It’s odd living in a ‘beauty spot’. People visiting my little chapel are taken aback by it – the climb up the narrow lane which opens out onto a glittering pool with little trees rising from it, Lord Hereford’s Knob and the long sleek ridge of the Black mountains undulating along behind it, and, when they stop to open my gate, the gracious rise and fall of Pen y Fan in front of them. It’s a place of sudden stillness, furious winds, calling curlews, galloping ponies, silhouetted oaks, shrieking lapwings. Even locals notice its mysterious glamour: Adrian, after he’d dumped the load of fire-wood in my field, stood and stared and said: ‘it’s an amazing view all right up here’ before recapping his views of capital punishment.
The problem is the grass and the sheep. I live on a common and the sheep keep it green and trim with their constant cropping. But my graveyard has been hitherto barred to them. In my first year in the chapel, I was repeatedly invaded by one determined ewe and her lamb, who had suddenly evolved the ability to roll over the cattle grid, jump the drystone wall and wriggle through the fencing. I didn’t mind them eating the grass, but they also ate the newly planted trees and hedge and flowers. Sometimes the whole flock would get in, if I had left the gate open in the mistaken belief that they had forgotten how to get over the cattle grid. Then I would stand and sob over my butchered vegetables, after I had chased the buggers out, that is.
But keeping the grass cut in my little field and in the graveyard has become a trial to me: strimming exacerbates my computer-caused carpal tunnel syndrome, and it is expensive to get someone else to do it. People are allowed to visit the graveyard so I feel I must keep it nice, even though most of the gravestones are now moss covered and falling down. Which is why I decided to block off access to my flowerbed and field, and let the sheep in. After all they had been rubbing their bums against the gate for weeks and eyeing the lush pasture within.
I thought they would be eager, but they were wary at first. Then, when my back was turned, I heard them lumbering in, big rangy sheep with stern unwavering gazes, probably acquired for their meatiness. They began excitedly to chomp the long grass, moving every few seconds to grab a new hunk like kids let into a sweet shop. I watched for a while in satisfaction, then returned to my work. When I looked again they were ignoring the grass in favour of the lower leaves of the holly, yew and hawthorn trees and one agile character had clambered up onto a tomb to snap up the nasturtiums I had perched there for safety.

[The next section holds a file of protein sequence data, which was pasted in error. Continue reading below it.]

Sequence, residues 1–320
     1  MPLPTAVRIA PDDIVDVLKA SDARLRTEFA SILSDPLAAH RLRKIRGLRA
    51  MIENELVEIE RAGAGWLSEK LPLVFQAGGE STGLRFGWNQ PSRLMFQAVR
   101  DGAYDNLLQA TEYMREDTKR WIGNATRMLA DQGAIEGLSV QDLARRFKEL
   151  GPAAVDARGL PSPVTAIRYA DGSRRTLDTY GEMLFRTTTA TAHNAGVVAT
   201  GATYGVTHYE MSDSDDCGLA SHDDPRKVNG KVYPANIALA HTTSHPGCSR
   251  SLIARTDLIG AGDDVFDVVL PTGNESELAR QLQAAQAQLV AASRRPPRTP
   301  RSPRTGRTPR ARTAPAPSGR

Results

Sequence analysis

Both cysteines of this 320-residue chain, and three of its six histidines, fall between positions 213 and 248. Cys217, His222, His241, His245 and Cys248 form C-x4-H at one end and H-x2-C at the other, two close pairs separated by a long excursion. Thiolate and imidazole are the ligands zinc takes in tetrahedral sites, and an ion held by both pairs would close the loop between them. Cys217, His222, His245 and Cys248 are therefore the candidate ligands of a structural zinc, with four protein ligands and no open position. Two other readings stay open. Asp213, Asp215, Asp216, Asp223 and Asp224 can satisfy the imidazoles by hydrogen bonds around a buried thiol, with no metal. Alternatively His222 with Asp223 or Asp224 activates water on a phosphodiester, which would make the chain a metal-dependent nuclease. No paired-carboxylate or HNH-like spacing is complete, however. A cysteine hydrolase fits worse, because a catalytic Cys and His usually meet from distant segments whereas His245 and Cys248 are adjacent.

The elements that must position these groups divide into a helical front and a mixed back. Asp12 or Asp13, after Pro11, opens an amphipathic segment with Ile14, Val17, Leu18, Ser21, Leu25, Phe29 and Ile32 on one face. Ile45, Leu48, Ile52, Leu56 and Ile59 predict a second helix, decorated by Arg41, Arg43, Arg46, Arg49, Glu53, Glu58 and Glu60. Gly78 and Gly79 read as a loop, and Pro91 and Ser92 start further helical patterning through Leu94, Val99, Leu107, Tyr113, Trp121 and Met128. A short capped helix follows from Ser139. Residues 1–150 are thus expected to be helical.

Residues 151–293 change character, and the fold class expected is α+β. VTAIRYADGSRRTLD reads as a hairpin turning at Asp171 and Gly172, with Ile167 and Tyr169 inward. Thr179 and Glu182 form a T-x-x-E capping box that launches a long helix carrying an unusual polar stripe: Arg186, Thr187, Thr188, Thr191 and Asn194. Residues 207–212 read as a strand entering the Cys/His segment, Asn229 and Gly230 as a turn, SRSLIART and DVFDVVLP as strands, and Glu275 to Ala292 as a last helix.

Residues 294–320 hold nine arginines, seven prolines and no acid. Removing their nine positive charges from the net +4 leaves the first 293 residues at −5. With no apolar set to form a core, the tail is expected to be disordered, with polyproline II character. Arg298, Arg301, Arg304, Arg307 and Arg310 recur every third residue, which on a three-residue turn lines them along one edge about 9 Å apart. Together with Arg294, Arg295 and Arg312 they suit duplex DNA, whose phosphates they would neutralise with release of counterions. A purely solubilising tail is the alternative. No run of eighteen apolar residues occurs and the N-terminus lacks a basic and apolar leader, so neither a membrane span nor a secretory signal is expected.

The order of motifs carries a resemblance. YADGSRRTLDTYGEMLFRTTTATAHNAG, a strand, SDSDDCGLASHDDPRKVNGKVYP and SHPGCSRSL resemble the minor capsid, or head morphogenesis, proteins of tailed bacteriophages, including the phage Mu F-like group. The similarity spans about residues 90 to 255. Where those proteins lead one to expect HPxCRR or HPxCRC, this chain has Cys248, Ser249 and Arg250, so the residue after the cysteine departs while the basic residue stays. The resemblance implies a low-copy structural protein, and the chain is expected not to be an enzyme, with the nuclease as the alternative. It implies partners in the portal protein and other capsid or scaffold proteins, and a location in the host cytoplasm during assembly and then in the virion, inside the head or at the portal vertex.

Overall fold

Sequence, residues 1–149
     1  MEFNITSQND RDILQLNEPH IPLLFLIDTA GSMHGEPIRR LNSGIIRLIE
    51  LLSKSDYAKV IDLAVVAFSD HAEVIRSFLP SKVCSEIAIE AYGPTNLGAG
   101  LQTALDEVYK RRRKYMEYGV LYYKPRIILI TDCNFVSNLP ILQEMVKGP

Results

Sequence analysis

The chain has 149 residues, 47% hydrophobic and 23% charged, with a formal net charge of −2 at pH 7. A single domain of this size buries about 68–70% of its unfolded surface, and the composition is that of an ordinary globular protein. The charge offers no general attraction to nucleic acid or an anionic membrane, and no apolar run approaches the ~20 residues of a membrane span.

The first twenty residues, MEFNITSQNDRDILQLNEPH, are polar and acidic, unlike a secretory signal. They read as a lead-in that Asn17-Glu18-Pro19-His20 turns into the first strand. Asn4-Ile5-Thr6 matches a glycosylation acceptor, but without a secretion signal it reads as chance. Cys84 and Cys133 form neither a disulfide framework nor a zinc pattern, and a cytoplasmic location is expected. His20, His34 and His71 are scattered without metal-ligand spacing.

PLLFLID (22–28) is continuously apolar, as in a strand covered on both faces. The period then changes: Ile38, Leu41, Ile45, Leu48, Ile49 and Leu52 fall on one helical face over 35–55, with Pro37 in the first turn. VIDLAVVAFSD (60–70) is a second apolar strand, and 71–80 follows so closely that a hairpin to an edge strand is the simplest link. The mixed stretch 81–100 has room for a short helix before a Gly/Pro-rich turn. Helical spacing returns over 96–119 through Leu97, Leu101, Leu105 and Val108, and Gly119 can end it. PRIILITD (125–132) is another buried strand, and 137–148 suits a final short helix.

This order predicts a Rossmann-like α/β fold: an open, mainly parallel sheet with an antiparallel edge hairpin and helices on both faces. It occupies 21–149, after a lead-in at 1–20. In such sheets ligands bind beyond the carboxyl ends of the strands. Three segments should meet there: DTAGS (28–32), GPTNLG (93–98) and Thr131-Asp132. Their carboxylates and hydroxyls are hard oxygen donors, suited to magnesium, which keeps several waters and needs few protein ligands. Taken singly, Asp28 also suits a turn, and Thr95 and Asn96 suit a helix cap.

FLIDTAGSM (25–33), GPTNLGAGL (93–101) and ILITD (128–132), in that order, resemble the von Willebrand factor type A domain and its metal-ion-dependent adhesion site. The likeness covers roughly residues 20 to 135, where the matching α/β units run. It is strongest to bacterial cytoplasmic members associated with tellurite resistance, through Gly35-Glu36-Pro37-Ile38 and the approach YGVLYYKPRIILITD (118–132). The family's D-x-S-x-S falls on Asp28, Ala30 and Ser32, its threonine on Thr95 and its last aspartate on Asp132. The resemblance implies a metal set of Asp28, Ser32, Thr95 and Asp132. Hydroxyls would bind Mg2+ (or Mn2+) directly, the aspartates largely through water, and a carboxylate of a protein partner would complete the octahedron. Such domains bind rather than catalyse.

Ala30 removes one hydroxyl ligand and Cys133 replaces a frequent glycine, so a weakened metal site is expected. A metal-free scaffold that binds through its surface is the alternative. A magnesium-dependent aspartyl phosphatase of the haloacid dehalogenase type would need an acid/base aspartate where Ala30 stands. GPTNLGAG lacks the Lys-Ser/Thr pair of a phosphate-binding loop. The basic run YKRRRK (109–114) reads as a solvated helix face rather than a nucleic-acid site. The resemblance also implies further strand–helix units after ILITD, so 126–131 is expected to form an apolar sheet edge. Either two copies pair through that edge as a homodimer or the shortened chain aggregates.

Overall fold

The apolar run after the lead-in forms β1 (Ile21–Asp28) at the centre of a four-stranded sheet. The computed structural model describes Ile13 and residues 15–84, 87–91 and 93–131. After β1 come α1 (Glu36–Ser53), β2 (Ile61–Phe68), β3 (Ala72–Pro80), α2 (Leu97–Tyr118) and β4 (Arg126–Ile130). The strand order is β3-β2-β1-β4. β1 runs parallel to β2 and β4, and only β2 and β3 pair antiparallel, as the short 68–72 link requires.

All day I found myself drawn away from the wpc to the window to watch them at their industrious consumption. The cats rose from their daytime slumber to view with puzzlement the fact that these white-wooled lumberers had been let onto their patch. I decided that close-up they were not lovable creatures, that in fact they loved to barge and bully and knock things down and go where they had been barred by wheelbarrow and bicycle. But in spite of their bad attitude and copious piles of shit around the place, the grass was looking flatter and trimmer by the day.
And what’s the moral of this story? Perhaps that, as a city-girl who’s lived in the country for nearly ten years now, I have finally understood that you can’t control and tidy up the countryside. True, I don’t have a strong bent to tidiness, but I had a vision of what my land would look like which has been scotched repeatedly by rain, slugs, wind, and the relentless creeping cooch (sp?) grass. The early darkness of winter, the sudden shifts of weather – snow, driving rain, and flood, which transform the landscape in an hour, can render you passive and introverted. Your bright summer vision dissolves into the messy chaos of winter’s reality. But then, the long dark evenings and nights can tip you into another kind of time and space – a spacious creative place with far horizons. The shadow sheep who have been nudging your gate for months may finally get access, and help you out, just when you least expect it. I hope so.